There is a phenomenon I’ve seen floating around the interwebs called “cheat day.”
A person with celiac disease or gluten intolerance posts a picture of cake with an assortment of hashtags such as #glutenintolerance #cheatday #Imsobad.
In sum, cheat day is when folks with celiac disease or gluten intolerance eat gluten in spite of any consequences.
I am NOT a fan of cheat day.
I’ve never had a cheat day. Migraines, skins rashes, diarrhea, risk of osteoporosis, risk of cancer, and risk of other autoimmune disorders are enough to convince me to never consume gluten again in my life.
The impact of cheat days extend beyond the individual doing the cheating.
Since I’ve been diagnosed with celiac disease, I’ve gotten a range of responses when I ask restaurants about their food options.
The majority of restaurants are honest, and if folks can accommodate they will.
However, I once had a manager tell me, “You won’t have any reaction – unless it’s psychosomatic.” That was INCREDIBLY insulting to both me and my diarrhea.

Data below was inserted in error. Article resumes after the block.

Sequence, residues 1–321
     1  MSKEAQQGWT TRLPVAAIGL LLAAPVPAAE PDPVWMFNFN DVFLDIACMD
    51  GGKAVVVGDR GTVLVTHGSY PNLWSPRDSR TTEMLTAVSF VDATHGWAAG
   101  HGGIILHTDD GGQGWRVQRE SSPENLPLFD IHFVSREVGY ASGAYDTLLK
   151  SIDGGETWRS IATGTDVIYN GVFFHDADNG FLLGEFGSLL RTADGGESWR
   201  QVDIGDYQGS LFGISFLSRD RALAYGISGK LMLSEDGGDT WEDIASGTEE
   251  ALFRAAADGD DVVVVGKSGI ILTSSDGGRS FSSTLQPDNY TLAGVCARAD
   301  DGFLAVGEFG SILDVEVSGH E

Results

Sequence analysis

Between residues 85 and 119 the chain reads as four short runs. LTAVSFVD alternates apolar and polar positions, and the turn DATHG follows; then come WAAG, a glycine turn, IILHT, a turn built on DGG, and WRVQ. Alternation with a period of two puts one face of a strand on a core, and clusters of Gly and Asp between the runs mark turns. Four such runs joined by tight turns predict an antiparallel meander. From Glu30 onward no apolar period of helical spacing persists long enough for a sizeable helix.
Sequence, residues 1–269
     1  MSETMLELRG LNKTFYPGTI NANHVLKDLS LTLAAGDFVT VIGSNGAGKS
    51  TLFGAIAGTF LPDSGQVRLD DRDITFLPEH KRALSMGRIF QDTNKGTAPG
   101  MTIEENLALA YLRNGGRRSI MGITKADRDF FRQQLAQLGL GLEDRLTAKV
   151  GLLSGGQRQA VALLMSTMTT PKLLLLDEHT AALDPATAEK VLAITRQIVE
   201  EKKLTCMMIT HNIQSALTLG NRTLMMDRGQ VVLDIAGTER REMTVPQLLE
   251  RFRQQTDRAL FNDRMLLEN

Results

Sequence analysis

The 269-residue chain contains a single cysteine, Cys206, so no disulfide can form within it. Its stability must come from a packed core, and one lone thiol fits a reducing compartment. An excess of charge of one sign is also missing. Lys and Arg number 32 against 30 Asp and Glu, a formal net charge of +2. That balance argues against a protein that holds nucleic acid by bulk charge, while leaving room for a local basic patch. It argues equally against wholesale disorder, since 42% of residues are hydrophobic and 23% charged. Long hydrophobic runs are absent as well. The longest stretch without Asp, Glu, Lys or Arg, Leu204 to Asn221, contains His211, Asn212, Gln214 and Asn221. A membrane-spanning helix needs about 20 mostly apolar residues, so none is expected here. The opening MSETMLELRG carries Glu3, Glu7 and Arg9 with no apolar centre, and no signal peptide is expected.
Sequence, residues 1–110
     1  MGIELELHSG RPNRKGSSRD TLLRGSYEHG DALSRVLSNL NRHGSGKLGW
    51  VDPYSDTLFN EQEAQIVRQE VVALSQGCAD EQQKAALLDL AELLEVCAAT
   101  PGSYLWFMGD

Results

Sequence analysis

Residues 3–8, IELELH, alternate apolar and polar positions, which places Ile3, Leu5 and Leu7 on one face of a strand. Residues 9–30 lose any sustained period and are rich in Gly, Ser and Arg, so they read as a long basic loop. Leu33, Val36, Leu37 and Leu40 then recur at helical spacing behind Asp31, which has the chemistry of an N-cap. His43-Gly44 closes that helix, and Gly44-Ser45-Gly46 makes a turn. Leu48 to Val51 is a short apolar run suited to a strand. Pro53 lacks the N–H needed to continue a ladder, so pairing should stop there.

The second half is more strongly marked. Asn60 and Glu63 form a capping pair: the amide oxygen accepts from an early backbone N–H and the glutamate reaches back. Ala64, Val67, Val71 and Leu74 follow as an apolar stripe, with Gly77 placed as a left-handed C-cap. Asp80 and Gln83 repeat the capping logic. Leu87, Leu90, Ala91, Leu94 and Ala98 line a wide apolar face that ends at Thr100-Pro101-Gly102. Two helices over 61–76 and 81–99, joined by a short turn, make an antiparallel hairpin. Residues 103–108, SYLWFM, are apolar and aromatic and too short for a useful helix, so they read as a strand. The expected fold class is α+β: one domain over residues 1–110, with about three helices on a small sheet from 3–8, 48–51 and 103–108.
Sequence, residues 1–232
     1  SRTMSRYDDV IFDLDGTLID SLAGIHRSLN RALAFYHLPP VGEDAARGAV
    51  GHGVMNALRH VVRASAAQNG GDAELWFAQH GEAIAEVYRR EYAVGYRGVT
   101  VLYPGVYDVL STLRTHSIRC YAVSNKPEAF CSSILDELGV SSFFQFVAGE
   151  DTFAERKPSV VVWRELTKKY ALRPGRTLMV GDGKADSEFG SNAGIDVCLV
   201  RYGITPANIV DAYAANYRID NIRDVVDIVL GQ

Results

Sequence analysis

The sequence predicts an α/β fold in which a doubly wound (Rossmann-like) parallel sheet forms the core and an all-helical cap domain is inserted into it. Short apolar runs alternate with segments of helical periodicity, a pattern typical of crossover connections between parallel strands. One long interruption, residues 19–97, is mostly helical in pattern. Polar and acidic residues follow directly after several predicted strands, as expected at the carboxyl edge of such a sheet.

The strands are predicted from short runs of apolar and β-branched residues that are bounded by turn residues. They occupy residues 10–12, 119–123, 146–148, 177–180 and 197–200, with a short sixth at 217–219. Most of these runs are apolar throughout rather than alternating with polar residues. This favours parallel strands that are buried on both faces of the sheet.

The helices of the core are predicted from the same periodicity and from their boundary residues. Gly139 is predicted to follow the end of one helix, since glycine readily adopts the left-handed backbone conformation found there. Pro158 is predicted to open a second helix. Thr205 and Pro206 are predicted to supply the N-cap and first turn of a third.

I once had a restaurant bring me a wheat bun, and when I tried to confirm whether it was safe the eat the waitress said; “You’ll probably be ok.”
And every celiac I know has been served croutons on a salad, only to get the salad returned with crumbs from the tiny death cubes. As if picking off the croutons now makes the salad safe?
People don’t understand the severity of celiac disease. And some people think that gluten intolerance is a joke.
And people that have cheat days are NOT helping.
When you have gluten intolerance or celiac disease you are now a representative of the community. We represent less than 5% of the population. So when people meet us, they look to understand what we are doing.
As my husband says, “People are learning about this disease via you – so don’t be a dick.”
When you have celiac disease and eat pizza, people think I can do that same thing. But I can’t without getting sick.
When you have gluten intolerance and eat cake, people think you are a hypocrite. Do you really want to be that person?
So, for me, for the community, and for your own health – please don’t have cheat days.
And if you do, please just keep them to yourself.